The City of Los Angeles was supposed to be up and running on Google Apps June 30, but security concerns from the LAPD put a snag in the road.
Nine months ago, Google edged out Microsoft to switch the city's e-mail and collaboration systems to cloud computing. But Google was unable to develop a system for the police department that met the security requirements of the California Department of Justice.
Google did develop "Gov Cloud," which would provide enhanced security for the LAPD's use of Google -- but the department still had concerns.
From MarketWatch: "In particular, the L.A.P.D., which must meet California Department of Justice security requirements, said in the report that it had concerns about Google Apps' data encryption, 'segregation of city data from other data maintained by Google,' and background checks for Google employees with access to police department information."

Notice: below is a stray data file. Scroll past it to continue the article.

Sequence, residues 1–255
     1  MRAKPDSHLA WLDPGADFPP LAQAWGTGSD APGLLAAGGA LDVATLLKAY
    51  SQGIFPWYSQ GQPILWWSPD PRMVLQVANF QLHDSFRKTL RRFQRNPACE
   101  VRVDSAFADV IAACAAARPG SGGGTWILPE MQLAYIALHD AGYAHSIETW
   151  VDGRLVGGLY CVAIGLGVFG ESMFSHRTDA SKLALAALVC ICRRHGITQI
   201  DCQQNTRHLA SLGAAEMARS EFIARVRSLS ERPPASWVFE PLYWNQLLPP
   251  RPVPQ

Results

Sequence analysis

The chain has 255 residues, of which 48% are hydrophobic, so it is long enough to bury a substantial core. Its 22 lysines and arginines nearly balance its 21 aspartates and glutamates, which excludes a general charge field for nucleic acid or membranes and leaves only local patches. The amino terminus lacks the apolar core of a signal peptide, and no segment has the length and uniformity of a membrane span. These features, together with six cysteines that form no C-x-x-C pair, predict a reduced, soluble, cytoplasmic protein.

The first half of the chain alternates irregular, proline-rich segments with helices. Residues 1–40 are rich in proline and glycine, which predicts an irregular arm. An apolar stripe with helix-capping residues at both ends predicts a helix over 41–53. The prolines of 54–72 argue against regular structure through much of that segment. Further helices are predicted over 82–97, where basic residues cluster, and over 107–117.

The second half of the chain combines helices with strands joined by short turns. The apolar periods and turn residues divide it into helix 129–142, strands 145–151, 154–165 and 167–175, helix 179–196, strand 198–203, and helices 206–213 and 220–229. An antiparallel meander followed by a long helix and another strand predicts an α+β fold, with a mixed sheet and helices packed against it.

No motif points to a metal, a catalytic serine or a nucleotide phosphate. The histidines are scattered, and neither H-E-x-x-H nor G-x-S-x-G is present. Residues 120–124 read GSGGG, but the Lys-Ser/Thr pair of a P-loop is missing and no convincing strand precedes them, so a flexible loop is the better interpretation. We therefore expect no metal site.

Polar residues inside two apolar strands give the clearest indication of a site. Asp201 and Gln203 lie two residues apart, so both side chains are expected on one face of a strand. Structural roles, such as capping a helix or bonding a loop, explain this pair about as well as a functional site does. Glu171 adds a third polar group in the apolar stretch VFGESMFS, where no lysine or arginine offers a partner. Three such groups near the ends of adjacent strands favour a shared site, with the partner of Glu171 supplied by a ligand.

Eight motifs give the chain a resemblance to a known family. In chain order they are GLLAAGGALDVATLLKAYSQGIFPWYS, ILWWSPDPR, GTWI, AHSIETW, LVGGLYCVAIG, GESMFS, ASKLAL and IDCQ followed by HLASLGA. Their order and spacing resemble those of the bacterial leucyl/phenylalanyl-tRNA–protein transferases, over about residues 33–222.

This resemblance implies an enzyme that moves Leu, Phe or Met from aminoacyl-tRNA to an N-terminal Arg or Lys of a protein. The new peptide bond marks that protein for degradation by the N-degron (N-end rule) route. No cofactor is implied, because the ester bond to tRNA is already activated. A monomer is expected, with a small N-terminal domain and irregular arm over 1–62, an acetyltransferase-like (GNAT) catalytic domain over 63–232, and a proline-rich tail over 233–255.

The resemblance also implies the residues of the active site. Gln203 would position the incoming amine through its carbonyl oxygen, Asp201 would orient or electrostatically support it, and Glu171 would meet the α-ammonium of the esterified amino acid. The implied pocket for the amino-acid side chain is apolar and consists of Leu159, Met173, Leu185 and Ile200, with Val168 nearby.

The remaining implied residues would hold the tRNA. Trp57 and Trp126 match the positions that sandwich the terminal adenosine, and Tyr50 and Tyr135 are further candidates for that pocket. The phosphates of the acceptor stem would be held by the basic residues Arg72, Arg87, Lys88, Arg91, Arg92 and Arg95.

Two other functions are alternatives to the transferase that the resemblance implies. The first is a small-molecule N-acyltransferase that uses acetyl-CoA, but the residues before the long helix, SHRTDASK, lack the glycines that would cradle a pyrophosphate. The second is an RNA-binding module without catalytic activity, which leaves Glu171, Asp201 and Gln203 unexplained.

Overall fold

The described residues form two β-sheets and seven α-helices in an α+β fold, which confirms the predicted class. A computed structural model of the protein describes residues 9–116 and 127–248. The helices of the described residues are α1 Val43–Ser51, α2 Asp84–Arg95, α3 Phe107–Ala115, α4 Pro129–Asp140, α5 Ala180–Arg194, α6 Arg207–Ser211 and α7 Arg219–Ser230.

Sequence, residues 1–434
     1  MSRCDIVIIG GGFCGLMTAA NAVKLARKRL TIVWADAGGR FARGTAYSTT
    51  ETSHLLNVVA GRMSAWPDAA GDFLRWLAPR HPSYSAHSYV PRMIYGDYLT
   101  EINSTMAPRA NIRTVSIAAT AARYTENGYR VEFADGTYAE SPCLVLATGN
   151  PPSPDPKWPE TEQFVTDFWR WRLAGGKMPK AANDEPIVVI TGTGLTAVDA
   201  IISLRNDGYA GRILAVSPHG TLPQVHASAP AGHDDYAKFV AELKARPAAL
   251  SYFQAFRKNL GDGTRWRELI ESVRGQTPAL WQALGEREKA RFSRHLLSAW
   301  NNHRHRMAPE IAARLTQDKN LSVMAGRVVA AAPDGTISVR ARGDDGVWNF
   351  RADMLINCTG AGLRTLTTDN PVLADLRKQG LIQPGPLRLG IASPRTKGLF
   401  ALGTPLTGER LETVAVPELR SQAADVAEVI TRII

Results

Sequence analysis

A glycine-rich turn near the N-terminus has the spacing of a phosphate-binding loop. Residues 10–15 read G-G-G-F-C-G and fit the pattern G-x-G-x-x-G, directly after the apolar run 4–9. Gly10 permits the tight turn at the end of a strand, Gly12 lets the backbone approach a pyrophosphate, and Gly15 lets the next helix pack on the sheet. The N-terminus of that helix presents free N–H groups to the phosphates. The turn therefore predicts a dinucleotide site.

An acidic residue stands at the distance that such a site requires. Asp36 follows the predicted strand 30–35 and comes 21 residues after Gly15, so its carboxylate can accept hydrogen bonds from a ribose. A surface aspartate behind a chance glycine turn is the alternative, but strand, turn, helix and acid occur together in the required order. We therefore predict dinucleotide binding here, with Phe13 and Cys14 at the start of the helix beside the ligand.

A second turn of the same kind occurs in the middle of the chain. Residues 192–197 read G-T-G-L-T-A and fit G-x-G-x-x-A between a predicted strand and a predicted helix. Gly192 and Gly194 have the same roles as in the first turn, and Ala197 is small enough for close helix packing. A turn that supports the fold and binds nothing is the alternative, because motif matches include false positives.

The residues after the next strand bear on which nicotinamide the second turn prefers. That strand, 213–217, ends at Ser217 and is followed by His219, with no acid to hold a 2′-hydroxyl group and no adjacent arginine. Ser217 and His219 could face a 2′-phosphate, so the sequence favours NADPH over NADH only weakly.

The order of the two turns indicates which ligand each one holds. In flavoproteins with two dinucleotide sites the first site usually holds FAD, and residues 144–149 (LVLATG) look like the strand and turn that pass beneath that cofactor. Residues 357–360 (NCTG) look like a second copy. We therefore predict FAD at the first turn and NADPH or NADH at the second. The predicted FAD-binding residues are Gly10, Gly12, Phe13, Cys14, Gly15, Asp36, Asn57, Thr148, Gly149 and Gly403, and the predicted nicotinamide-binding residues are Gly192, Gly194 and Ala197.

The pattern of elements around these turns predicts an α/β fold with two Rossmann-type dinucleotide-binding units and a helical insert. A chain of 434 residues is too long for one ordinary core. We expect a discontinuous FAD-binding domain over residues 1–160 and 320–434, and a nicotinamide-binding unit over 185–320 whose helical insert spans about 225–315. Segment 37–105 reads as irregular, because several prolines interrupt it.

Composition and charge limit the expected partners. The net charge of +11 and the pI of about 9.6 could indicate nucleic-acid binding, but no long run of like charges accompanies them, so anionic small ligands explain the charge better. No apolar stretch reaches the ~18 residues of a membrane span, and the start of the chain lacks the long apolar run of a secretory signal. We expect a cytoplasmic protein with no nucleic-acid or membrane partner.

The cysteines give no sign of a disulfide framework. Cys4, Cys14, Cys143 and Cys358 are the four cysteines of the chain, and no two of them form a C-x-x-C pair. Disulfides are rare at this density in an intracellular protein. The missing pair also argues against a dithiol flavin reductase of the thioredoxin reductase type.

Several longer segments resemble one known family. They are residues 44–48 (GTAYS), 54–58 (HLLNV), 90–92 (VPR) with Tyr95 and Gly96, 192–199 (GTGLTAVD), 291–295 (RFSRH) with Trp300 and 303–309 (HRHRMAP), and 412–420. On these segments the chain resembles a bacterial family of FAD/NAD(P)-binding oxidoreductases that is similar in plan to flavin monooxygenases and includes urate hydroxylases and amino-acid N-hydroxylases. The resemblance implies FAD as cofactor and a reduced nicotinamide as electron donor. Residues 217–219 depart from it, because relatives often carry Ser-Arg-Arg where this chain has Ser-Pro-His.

Cloud computing can reduce costs for hardware purchases and maintenance and software administration. But due to the delay, the city, which is already strapped for money, would lose an estimated $415,000 over the fiscal year due to the delay. But the city's chief technology officer, Randi Levin, said that Google and its partner, Computer Sciences Corp., would reimburse the costs, which he estimated to reach about $135,000.